UPDATED In the South Pierre residential building at 160 W. 71st Street and Broadway, turmoil and confusion among tenants has been growing for the last year.
The building began undergoing heavy renovation and construction in 2015, after the Brodsky Organization's leadership had fallen to Daniel Brodsky, who is currently the chairman of the Metropolitan Museum of Art.
Some tenants, like Susan Schwartz, who has lived in her apartment for the last 30 years, complain of dangerous living conditions caused by the construction, but others are supportive of the changes. According to Rick Mason, executive director of management at the Brodsky Organization, these changes include “replacing the boiler and oil tank, façade renovations required by Local Law 11, a new refuse and recycling system, installation of a new storage facility, refurbishment of common spaces and upgrading of five elevators.”
But Schwartz described living next door to an apartment that was being renovated as “three months, six days a week of jackhammering, sledgehammering.”
“They took the floor down to the dirt, they took the wall down to the studs … and they didn't have a building permit,” said Schwartz, who formed a tenants' association last summer that she says counts about a third of the building's residents as members. She also brought City Councilmember Helen Rosenthal and Assemblymember Linda Rosenthal into the loop around that time.
“I've been pushed to the brink,” Schwartz said. She has also been collecting rent histories for her and her neighbors' rent-stabilized apartments, which she believes are being targeted by the management to suffer the most invasive construction side effects. Councilmember Rosenthal said she has “seen a lot of construction as harassment at that site. I think often when that is the case the contractor knows just what they're doing.”
A stop-work order was issued in November for a potential asbestos disturbance on the 19th floor. That order was later lifted. According to Mason, only seven of the 59 complaints made to the Department of Buildings in the last year have resulted in violations. Three of those are still being resolved. “The elevators are subject to regular inspections by the [DOB] and have been deemed safe,” Mason said. “In addition, management has requested that its elevator maintenance company inspect each elevator every weekday to ensure they remain in good working condition and safe.”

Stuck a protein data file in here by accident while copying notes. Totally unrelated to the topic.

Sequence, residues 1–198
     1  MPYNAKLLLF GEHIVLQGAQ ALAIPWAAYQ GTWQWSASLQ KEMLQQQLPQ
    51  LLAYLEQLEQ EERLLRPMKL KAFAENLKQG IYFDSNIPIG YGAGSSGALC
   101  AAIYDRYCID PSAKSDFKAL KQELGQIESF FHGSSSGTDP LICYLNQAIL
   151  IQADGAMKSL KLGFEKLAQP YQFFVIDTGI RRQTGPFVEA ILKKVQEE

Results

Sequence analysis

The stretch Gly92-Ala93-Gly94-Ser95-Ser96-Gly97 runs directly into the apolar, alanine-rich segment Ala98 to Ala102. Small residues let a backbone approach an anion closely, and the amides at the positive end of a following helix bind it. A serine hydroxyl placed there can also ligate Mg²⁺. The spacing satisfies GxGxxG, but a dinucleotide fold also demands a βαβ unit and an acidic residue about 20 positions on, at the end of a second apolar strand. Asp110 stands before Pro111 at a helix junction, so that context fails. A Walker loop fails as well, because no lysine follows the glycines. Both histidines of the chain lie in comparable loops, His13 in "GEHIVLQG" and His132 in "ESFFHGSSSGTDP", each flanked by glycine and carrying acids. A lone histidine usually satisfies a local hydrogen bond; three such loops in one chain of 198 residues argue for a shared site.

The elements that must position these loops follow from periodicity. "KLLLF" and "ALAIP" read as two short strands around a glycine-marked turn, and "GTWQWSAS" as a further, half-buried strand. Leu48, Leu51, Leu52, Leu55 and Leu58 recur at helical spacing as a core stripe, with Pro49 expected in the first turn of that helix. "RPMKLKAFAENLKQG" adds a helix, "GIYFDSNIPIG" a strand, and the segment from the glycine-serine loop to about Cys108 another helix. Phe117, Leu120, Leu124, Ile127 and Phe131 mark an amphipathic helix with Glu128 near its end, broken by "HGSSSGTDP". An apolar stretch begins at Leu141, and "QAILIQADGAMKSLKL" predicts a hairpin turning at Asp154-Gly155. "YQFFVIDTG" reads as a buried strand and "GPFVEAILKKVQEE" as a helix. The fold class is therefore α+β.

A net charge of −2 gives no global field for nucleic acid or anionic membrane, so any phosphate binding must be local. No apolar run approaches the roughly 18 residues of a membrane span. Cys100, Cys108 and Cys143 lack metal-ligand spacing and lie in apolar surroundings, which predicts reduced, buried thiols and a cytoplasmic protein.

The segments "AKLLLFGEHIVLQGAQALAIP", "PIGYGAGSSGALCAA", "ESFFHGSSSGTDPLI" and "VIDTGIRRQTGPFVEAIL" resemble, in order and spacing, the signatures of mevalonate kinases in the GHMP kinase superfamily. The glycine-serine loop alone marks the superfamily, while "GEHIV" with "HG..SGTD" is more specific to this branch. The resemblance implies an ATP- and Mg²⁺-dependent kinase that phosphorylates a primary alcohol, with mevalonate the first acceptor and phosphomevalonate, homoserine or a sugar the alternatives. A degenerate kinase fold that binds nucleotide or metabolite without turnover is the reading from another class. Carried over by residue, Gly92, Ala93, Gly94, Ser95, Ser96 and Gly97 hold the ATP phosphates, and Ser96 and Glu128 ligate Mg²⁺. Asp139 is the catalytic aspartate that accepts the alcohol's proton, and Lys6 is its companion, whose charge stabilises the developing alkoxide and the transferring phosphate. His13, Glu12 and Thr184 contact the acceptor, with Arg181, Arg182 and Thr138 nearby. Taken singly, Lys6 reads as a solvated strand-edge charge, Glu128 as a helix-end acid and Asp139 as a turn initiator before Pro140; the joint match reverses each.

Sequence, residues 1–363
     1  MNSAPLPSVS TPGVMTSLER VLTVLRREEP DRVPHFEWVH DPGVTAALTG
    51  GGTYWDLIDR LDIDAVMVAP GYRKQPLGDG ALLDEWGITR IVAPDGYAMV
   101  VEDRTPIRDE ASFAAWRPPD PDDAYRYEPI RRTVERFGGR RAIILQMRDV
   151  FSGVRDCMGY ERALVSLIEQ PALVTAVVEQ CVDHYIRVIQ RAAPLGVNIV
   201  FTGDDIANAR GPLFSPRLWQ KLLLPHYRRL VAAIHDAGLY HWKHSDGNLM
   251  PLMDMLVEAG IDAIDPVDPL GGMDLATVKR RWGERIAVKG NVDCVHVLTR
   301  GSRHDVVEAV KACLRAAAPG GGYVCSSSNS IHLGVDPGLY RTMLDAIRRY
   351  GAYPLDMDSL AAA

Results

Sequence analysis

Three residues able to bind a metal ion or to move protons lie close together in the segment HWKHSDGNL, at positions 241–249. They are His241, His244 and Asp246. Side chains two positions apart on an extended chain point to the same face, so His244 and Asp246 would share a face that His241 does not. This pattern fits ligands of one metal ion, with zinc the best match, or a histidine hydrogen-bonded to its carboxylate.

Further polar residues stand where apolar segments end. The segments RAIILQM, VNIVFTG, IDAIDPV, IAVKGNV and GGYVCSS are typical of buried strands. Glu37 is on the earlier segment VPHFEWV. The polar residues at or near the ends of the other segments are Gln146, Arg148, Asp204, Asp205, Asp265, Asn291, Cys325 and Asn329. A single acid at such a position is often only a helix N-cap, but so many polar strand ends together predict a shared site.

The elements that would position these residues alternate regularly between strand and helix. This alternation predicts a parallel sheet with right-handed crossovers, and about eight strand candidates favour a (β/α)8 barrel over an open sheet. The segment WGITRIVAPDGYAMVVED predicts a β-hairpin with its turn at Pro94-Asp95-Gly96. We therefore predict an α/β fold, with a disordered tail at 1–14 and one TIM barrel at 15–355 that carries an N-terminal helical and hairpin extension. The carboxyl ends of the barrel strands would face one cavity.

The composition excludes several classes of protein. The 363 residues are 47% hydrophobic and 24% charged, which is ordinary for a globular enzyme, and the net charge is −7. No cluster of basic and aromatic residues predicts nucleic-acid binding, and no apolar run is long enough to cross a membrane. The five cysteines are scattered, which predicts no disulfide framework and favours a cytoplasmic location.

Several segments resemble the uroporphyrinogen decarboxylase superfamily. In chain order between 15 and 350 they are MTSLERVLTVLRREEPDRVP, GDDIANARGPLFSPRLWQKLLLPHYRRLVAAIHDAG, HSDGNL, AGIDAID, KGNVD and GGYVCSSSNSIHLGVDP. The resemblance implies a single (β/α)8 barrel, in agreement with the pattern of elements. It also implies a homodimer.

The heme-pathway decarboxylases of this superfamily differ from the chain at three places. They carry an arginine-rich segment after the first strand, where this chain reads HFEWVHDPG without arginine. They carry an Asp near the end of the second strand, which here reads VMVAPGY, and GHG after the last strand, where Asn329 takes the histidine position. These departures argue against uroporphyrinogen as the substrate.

Many complaints have also been made to 311. One tenant who asked to remain anonymous due to fear of retribution from management said he has called 311 “probably 200 times in the last year.” The tenant identified the elevators as a main concern because of various malfunctions he and his neighbors have experience while riding them.
Though the tenants association say they have never received a response directly from Brodsky, Assemblymember Rosenthal did acknowledge receiving one.
Some tenants say they are perfectly happy with their building and its management, creating somewhat of an awkward situation in the hallways. Last October, 33 tenants signed a letter of support for the management, which they then mailed to several elected officials. Though the letter acknowledges that the tenants' association has been helpful in securing some improvements and repairs, its purpose was to clarify that the signees do not share the same concerns of the tenants' association.
“We are worried that our building is starting to become a nuisance to the many building inspectors and the Fire Department in particular,” the letter read. “We have been happy with the services in the building and happy with the hallway renovations.”
Denise Taylor, one of the letter's signees and a 27-year resident of the South Pierre, said she originally supported the tenants' association but now feels it has gotten out of hand. “I think this is the best management we've ever had,” she said. “I'm a social worker, so I'm very pro-tenants … but I was working in really bad neighborhoods where there were real problems. … The feeling is like, 'okay, alright already.'”
Despite the supportive tenant letter, Assemblymember Rosenthal says she will continue to back the tenants. “What I respond to is they didn't have a permit,” she said. “For example, they didn't have a tenant protection plan while they were doing all the work in units and cuttings in the hallway. Everything they were doing, without a permit, has a potential health effect on the tenants.”
According to Mason, “All work in apartments that require permits has them.”
For now, Schwartz and the tenants' association say they will continue to fight.